This article was first published in The Australian “Soapbox – Readers’ Wisdom” on 8 September 2009
Last year I got rid of my mobile phone. I hope my call was recorded for training purposes.
“Not upgrading? You’re getting rid of it?”. Complete disbelief. “I’ll have to check with my Supervisor.”
We moved out west two years ago, joining the growing queue of the displaced from the now exclusive coast. The mobile coverage was appalling unless I stood on the filing cabinet at a 45-degree angle – right next to the real phone.
When the telco finally erased me, the sense of freedom was immense. No more scrabbling in my handbag to check for missed calls. No more unsolicited SMS marketing. No more bills.
Equally immense was the horror my new-found freedom brought out in others. It was as if purging myself of increasingly intrusive technology made me a traitor, a rabid leftist clearly not to be trusted to safely manage my own life.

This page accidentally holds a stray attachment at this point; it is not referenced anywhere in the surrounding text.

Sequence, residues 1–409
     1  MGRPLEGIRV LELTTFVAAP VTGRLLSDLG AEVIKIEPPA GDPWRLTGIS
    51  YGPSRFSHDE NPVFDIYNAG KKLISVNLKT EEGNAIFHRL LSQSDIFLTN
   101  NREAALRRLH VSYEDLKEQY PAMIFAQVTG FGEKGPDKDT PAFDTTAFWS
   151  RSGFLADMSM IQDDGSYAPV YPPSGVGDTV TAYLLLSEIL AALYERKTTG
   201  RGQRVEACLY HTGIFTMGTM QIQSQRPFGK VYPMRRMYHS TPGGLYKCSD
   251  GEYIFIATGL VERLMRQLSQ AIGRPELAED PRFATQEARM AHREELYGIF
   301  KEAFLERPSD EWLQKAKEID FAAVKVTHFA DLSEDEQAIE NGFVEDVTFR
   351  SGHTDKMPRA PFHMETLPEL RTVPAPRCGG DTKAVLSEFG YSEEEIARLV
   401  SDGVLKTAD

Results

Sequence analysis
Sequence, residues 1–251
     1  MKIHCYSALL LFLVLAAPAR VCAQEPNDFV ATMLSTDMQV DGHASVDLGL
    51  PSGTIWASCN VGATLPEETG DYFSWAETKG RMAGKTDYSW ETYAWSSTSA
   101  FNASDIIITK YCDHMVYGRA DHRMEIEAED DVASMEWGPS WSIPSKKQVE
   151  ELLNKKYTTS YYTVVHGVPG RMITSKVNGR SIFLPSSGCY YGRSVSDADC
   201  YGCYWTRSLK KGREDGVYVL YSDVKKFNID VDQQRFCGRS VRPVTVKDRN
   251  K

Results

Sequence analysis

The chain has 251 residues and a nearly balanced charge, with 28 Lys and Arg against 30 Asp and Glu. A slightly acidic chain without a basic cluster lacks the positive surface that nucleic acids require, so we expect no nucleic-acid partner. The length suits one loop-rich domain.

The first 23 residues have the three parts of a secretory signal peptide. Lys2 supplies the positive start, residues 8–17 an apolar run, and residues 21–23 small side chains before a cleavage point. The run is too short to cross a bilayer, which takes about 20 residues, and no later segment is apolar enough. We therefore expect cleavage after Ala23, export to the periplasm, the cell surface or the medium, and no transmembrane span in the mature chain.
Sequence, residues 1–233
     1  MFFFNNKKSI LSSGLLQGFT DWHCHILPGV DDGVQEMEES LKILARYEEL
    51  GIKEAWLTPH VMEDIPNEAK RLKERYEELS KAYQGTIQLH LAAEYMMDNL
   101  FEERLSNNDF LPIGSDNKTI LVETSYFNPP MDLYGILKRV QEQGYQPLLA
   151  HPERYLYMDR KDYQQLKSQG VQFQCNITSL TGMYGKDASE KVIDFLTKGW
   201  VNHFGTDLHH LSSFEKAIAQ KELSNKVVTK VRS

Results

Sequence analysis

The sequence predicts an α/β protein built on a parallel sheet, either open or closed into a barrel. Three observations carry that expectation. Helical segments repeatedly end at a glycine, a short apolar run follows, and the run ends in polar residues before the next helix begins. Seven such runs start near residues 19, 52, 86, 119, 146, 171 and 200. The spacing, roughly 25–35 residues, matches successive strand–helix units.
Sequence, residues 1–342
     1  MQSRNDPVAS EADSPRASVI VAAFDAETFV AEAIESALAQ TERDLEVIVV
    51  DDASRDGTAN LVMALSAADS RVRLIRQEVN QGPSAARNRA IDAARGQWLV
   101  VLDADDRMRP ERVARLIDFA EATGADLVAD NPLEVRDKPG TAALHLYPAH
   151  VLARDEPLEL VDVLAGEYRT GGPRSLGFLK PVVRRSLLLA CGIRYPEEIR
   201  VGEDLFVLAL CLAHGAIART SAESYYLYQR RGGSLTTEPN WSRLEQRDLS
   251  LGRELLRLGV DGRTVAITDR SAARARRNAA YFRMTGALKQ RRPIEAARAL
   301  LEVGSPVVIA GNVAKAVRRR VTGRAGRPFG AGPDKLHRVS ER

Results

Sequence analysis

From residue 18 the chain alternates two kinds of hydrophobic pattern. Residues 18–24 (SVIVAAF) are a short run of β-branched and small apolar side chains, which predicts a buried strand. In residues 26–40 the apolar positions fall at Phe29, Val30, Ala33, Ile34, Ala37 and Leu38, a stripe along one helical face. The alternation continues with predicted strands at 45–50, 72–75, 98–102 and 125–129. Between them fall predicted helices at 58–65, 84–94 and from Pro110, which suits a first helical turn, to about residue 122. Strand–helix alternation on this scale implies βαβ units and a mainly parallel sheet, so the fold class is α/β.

“What if you have an emergency?” they fretted. I am either at work, at home or on the short route between the two – which of course is a reception black hole. If I were somehow stuck halfway, I could flag down a passing roo shooter or a farmer with a mob of sheep. He could send the Kelpie for help I joked.
I might as well have said I was joining the Ku Klux Klan. In the city I used to think I needed a phone, but they are junkie magnets, money wasters, a tool to enslave us to a 24/7 life of 24/7 productivity. What I needed was freedom. Freedom from a satellite tracking my every move, from being at the mercy of an offshore call centre.
Freedom to talk directly to another human being.
If 70 percent of communication is non-verbal, is our entire society being lost in translation? A mobile, wireless, virtual world of voice-recognition that didn’t quite get what you said.
“Did you say ‘WMDs?’. If correct, press one. To change, press two. To end the world as we know it, say ‘yes’.”
To err is human. To really stuff up? That requires technology.